Postby Hanley! » Oct 09, '19, 11:15 am

The Legend wrote:At this stage of his life and at the point we are in as a country, knowing what a fight it would be to get Republicans to allow him to do anything, I think Bernie is better suited as the head of the Democratic Party, the face of the progressive movement and a sort of compass to guide the party than he actually is as a candidate.


If Bernie is going to continue to lead the party on the key issues, I think he'd be more effective doing it as president. Change comes from the top, and it's easier to lead a grassroots movement with that sort of visibility. Besides, establishment Democrats aren't going to give him a leadership role within the party if they can avoid it. He's too much of a threat to their way of life.
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Re: Who are your current top 3 Democratic candidates for 2020?

Postby Everlong » Oct 27, '19, 3:39 pm

@Hanley! interested if your thoughts have changed since Bernie's heart attack?
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Re: Who are your current top 3 Democratic candidates for 2020?

Postby Hanley! » Oct 27, '19, 5:41 pm

Everlong wrote:@Hanley! interested if your thoughts have changed since Bernie's heart attack?


Not at all. For starters, he seems like he's in good health now. The procedure he had done should keep his heart healthier going forwards. He still works harder than any other candidate in the race, and still comes across as sharp and energetic. And others have done the job of president after much more severe procedures.

More importantly though, he's still the best candidate on the issues that the country cares most about. He's the most progressive. He's the least compromising - you know that he's not going to change his views for political gain after reaching the office. He's laid out a theory of change; he has a path to getting radical new policy ideas through, difficult as it still may be. And most indicators suggest that he has the best chance of beating Trump out of any nominee in the race right now. There might not be an opportunity to elect a candidate this strong again for decades; I just don't see the argument for not taking the chance.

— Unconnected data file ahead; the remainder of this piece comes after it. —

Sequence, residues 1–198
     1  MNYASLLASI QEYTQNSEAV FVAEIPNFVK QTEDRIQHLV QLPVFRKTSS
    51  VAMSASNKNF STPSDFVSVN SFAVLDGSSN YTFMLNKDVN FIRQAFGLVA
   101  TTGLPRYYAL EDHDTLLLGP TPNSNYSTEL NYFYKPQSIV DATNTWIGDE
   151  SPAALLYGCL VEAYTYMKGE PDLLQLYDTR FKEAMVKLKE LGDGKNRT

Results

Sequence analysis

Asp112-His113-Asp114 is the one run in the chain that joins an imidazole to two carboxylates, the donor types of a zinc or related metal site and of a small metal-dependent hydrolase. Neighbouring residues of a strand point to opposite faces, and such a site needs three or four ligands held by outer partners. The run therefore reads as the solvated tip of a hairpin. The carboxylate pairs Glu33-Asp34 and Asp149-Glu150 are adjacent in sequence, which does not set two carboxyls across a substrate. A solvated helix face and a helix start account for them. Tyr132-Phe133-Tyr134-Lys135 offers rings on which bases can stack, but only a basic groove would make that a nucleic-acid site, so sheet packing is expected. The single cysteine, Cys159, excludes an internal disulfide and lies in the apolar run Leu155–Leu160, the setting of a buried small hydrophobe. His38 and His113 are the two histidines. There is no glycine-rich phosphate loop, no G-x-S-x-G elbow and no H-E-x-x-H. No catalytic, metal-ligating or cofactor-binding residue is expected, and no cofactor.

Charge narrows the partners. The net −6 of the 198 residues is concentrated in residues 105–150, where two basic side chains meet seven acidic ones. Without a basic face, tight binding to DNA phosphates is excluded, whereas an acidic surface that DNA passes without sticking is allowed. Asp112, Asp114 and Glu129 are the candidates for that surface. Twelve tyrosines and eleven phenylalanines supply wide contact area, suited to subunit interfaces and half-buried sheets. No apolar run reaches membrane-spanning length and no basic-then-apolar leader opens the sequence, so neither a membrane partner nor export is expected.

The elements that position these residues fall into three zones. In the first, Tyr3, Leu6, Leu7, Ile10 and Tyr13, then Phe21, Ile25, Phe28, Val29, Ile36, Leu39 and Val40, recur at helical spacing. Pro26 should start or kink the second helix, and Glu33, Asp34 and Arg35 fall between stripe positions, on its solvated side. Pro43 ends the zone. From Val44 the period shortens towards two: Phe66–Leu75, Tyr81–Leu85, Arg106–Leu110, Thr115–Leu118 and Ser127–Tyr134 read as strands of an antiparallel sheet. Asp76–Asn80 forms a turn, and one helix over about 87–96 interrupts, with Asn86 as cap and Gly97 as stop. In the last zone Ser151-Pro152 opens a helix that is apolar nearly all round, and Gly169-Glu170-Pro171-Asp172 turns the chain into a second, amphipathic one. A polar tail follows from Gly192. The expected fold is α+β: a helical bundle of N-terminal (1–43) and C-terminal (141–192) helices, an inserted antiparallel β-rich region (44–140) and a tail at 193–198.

It would be different if I thought there were someone close to him in terms of policy; then I'd pay more attention to his age/health. But only Warren is remotely close to him and she's still a ways away. Since my last post she's become even more vague around Medicare For All. She's talking about announcing her plan on how to pay for it shortly, despite saying previously that she supported Bernie's bill which already details how it will be paid for. And it's odd that the candidate whose brand is that she has a plan for everything, doesn't yet have a plan for the key issue for most Democratic voters. It seems she's trying to avoid a soundbite about raising taxes on the middle class, because that's where most of her voters are coming from. I like Warren, but I'm starting to have some trust issues there.

Warren is not all that much younger than Bernie in any case, and is much less likely to win an election against Trump as consistently shown in polling data.

Even if the worst were to happen in terms of Bernie's health, I do think it's important for the public to have the chance to vote for someone with his uncompromising policy positions: to provide a mandate to implement real change in the country. If he didn't make it through his first term (and there's really no reason to believe this would be the case) he'd still have provided a platform for real change that can be executed by what will presumably be a carefully-chosen VP. Hell, I wouldn't be surprised at all if it was Warren.

The main thing that's changed for me over the last couple of weeks in terms of this race is that I have an even worse impression of Buttigieg. The more I see of him, the less I like him. He has no record and no strong signature policy proposals, so I didn't really see what he added to the race to begin with, but now that he's moving right on the issues because he can't find a path to victory in the more progressive lane it's become pretty clear that he has no real values and simply wants to be president. Add the policing scandals from his hometown and Zuckerberg's involvement in his campaign, and I'm really worried about the prospect of him as president. The one thing I really give him credit for is saying he'll introduce a constitutional amendment to repeal Citizens United, but when I look at who's funding his campaign, I wonder how trustworthy he is on that issue too.